By Michelle LeBaron, Venashri Pillay
I'd concur with the opposite reviewer that this a good e-book for college kids exploring intercultural clash. one of many members, Tatsushi Arai, was once a professor of mine and we used this ebook at school. Take time to investigate professor Arai as he's an awesome practioner and precise chief in clash transformation within the box. This booklet is a smart publication to learn besides Liisa Malkki's "Purity in Exile". additionally, learn Vamik Volcan for extra intensity of the intergenerational mental root elements of clash. This e-book is an edited paintings so every bit stands a little by itself but they're all woven jointly by way of a gaggle of authors that took nice attempt to make a cohesive paintings.
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Extra info for Conflict Across Cultures: A Unique Experience of Bridging Differences
This is the million-dollar question, subject of everything from folk tales to academic treatises to talk shows. For our purposes, culture is the shared, often unspoken, understandings in a group. It is the underground rivers of meaning-making, the places where we make choices about what matters and how, that connect us to others in the groups to which we belong. It is the water in which fish swim, unaware of its effect on their vision. It is a series of lenses that shape what we see and don’t see, how we perceive and interpret, and where we draw boundaries.
We need starting points, as well as guiding lights, to ensure that we do not get lost along the way. Guiding Lights: Cultural Starting Points The question that arises is, “How do I understand my own cultural starting points, and those of other cultures, especially when it is clear that there can never be any comprehensive or definite description of a culture? ” What we offer in the remainder of this chapter are six cultural starting points to reduce the confusion and complexity that cultural differences bring to relationships: Ⅵ Ⅵ High Context – Low Context Individualism – Communitarianism Culture: Exploring the River Ⅵ Ⅵ Ⅵ Ⅵ 33 Universalism – Particularism Specificity – Diffuseness Sequential Time – Synchronous Time Low Power Distance – High Power Distance These starting points are sometimes called dimensions of culture (Hall 1976; Hofstede 1984).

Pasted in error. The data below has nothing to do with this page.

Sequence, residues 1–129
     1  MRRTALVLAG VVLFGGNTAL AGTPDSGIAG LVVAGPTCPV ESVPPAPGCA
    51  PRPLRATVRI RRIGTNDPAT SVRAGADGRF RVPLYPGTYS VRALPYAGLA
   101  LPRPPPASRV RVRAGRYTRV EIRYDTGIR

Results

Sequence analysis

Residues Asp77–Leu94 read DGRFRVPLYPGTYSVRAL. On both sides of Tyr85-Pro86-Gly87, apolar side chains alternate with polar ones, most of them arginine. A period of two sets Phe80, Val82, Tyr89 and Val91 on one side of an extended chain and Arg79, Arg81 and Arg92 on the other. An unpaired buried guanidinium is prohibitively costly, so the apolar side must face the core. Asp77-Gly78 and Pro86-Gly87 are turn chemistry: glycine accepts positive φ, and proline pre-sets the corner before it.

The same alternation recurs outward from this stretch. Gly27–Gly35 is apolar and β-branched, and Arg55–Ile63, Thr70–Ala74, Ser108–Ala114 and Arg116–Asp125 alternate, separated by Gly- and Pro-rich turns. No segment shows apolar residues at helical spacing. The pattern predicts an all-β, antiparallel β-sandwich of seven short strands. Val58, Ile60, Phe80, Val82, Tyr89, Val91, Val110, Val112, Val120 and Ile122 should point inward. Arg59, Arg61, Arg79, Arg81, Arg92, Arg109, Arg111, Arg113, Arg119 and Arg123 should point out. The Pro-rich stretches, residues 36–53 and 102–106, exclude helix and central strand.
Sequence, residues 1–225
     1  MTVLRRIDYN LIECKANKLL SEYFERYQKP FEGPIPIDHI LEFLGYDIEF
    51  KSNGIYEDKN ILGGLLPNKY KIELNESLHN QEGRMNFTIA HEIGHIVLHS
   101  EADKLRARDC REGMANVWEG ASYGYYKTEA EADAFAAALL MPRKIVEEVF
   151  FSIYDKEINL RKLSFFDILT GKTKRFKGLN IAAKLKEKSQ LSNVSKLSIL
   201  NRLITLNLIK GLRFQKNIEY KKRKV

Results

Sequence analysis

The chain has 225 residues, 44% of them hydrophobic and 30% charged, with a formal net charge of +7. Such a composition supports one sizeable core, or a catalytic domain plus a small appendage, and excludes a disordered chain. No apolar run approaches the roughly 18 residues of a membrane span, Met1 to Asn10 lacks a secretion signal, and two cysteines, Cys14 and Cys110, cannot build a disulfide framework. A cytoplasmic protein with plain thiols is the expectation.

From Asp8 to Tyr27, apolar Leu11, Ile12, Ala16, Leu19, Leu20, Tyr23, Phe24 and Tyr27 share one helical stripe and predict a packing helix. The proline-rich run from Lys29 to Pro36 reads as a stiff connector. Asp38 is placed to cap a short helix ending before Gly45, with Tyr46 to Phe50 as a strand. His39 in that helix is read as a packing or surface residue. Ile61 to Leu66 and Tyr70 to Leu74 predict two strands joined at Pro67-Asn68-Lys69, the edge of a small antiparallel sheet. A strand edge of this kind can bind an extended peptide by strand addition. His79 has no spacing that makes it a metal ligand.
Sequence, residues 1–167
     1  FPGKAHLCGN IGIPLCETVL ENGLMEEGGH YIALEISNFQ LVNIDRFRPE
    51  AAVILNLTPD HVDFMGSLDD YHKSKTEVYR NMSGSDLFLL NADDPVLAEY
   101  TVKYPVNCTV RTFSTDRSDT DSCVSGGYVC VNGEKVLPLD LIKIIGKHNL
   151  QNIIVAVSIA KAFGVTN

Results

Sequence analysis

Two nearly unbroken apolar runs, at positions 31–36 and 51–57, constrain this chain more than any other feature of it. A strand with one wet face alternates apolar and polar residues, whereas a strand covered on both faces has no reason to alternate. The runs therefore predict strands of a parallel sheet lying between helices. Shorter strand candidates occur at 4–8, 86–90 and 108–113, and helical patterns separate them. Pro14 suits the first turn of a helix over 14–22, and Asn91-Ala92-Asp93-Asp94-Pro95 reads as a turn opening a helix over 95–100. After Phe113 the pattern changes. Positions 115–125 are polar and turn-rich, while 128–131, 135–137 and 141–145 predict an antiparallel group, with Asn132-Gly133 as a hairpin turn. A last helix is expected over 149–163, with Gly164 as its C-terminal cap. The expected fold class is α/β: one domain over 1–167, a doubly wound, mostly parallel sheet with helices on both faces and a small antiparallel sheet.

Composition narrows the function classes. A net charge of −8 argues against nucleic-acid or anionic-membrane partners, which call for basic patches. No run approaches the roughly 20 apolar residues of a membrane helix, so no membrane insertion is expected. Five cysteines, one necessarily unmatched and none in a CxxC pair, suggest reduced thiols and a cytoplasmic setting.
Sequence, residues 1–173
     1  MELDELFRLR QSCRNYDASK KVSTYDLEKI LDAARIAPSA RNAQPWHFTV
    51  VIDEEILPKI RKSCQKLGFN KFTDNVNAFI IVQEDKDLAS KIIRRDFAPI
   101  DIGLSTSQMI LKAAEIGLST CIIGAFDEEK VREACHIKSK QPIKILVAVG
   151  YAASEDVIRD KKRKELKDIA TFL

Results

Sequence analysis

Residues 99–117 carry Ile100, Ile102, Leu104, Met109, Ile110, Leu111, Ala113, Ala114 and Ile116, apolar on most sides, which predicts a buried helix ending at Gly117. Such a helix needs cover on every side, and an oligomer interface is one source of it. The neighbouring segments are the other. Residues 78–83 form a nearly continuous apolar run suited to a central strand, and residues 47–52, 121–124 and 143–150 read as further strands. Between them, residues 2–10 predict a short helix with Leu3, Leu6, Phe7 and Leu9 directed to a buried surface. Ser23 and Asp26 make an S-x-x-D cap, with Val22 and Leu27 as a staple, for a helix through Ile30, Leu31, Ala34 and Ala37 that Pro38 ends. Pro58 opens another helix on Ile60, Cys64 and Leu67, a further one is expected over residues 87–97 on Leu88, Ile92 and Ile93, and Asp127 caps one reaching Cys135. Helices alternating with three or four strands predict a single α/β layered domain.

Dying became internalized as a sorrowful, painful, colorless, and solemn experience. This internalized assumption remained unquestioned common sense until implicitly challenged by a very different way of relating to death. We can imagine that a Balut-Saranggani child who participated in her first funeral celebration received a different message about death, dying, and grieving. She internalized associations of joy, celebration, music, and brightness with death. For both Al, as a child, and this fictional Balut-Saranggani child we’ve imagined, these cultural messages became lifelong influences against which later experiences were measured.